New healthcare businesses get ahead with Minnesota Angel Network

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Arundhati Parmar

Just because entrepreneurs have an idea or a business plan or even a product doesn’t necessarily mean they are worthy of receiving startup funding.

That need to create quality deal flow for angel investors as well as increase the success rate of entrepreneurs in fundraising has led to the creation of a new economic development effort in Minnesota. Called the Minnesota Angel Network, the group that launched Tuesday aims to screen worthy startups looking to raise between $50,000 and $4.5 million and put them through an educational program that will fill the holes in their business plans and get them ready to face the big, bad world of fundraising.

“We want to make sure we meet the needs of the investor,” said Todd Leonard, executive director of MNAN. “Investors are saying, ‘We don’t want to look at every deal.’”

Once a company graduates from the program with a purple-belt certification (yes, MNAN has martial-arts inspired levels – green for when startups first enter the program and purple for when they leave) they can access a members-only portal that connects entrepreneurs to angels.

Just applying to the MNAN program, however, will cost startups $120. Those selected will need to shell out another $875 in administrative fees, although discounts may be available to certain startups through scholarships. There are also donors who can offset some or all of this administrative fee through sponsorships, Leonard said. An additional, unspecified education fee will also be levied and the amount will depend on a variety of factors including a startup’s level of sophistication, its size and whether it has revenue.

In exchange, each startup will have access to a team of eight experts selected from the local business community to help them address gaps in their value proposition ranging from marketing and IP law to accounting and regulatory matters. Advisors will spend an average of 80 pro bono hours cumulatively to help these fledgling startups get to the purple certification. Advisors will work with five companies a month.

“These advisors help prepare the company for interaction with investors,” Leonard said.

He added that advisors from 14 different companies, including accounting firm Wipfli, law firm Fredrikson & Byron, regulatory and clinical services firm The Integra Group, will be advising selected startups. Already seven startups are undergoing the program and advisors have spent a total of 2,000 pro bono hours. The 14 firms have also donated some money.

“That is a lot of time and money that has been donated,” Leonard said. “This effort is a first-of-its-kind in the country.”

That may well be the case, given that MNAN neither represents an accelerator that actually gives startups money, advice and access to investors in exchange for some equity, nor a pure angel network. The Wisconsin Angel Network, for instance, charges angels to join, while angels will be able to access MNAN’s online portal for free. Other online portals connect entrepreneurs to angels for free like PlanHeaven or for a small fee like Angel Investment Network, whose chapters in various U.S. locations typically charge around $199, sometimes less.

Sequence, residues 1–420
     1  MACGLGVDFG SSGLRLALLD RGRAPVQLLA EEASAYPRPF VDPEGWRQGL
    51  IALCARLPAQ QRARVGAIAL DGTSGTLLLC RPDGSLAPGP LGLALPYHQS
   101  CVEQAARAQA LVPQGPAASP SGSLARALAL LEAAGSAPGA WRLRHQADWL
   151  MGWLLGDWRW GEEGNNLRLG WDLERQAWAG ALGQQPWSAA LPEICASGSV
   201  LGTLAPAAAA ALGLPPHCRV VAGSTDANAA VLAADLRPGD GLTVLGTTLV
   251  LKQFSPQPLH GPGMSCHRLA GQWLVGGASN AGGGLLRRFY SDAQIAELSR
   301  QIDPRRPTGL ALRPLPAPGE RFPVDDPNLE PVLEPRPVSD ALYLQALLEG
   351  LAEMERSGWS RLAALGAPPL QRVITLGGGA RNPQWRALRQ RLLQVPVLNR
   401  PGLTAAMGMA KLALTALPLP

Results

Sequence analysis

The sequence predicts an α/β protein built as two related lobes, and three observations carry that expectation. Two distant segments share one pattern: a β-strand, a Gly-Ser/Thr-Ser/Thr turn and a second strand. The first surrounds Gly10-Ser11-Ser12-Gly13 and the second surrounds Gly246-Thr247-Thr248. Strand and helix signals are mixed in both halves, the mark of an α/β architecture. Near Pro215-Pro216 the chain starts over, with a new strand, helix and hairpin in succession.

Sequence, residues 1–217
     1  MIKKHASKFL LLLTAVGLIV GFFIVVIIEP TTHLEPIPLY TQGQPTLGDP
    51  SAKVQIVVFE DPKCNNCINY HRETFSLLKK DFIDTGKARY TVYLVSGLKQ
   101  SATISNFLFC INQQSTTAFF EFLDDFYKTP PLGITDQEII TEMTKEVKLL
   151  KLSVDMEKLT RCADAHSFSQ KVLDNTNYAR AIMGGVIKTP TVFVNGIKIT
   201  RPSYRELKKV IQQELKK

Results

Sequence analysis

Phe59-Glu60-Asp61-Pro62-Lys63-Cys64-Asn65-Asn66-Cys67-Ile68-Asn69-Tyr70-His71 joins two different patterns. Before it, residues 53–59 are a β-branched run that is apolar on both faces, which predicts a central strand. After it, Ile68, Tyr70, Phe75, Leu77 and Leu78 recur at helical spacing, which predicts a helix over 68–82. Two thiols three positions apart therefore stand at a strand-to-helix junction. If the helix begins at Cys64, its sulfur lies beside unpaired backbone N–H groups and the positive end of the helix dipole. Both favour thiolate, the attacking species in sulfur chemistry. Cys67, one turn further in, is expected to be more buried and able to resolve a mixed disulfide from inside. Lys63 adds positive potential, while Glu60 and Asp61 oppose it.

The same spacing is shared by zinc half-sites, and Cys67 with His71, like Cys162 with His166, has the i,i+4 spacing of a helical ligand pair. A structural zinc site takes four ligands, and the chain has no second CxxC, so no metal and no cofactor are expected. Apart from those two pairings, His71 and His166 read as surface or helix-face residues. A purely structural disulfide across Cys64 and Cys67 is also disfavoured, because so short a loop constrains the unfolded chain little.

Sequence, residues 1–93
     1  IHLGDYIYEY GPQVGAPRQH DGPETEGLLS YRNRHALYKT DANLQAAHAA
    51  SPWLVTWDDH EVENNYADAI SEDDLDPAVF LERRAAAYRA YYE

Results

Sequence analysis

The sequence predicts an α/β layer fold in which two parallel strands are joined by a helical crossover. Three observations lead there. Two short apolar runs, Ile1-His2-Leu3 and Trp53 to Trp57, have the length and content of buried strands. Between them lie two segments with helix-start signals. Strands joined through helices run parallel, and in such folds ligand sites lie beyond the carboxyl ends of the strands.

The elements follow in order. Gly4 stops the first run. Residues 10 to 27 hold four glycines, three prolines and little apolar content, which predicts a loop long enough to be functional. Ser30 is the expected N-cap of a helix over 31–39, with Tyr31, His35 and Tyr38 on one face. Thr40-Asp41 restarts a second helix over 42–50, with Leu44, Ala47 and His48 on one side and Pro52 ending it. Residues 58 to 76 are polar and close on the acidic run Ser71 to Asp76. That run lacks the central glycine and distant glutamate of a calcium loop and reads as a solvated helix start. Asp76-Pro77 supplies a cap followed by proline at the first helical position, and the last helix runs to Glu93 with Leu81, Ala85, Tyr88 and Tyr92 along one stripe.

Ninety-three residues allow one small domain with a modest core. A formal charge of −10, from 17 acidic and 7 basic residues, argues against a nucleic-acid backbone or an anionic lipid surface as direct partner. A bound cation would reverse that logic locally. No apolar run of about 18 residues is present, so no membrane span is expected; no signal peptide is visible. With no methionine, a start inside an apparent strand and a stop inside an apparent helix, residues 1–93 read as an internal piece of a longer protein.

MNAN’s model appears to be a hybrid of an online service that connects angels to entrepreneurs for a fee, and the educational program focused around expert business advice that accelerators offer. In the online portal, companies will be able to put details of their business plan for angels to review.

Yet, it’s not clear how much time each company will spend in going from green-belt status to purple-belt MNAN certified status. Initially, Leonard said that companies will take 60 to 120 days to complete the program. But in a subsequent interview he said that the speed at which the startups achieve the purple-belt certification will depend on the CEO of each startup and how fast they want to make the necessary adjustments.

Already, several angel groups have joined MNAN, including some from Wisconsin, Illinois, Michigan and Missouri, as well as St. Paul-based RAIN Source Capital. Leonard hopes that a company that has received the purple-belt certification will receive angel investment in six months.

“We have identified $200 million worth of funds represented by investors and other networks both here and throughout the U.S.,” he said. “Most recently we had a West Coast angel fund partner representing 150 investors meet with five of the seven of the companies …that are going through the beta process.”

Joy Lindsay, whose Minnesota company StarTec Investments provides seed capital for early stage high-tech companies, has served as an advisor to an IT company currently undergoing the program. Lindsay said that she is inundated daily by e-mail requests from entrepreneurs pitching their ideas and usually responds only if the pitch comes with a referral from a known source. Narrowing that deal flow in the way MNAN expects to through the online, members-only portal can be helpful in that regard. It will also help Lindsay to connect with other angels and do deals together.

“I can see us using the portal,” Lindsay said.

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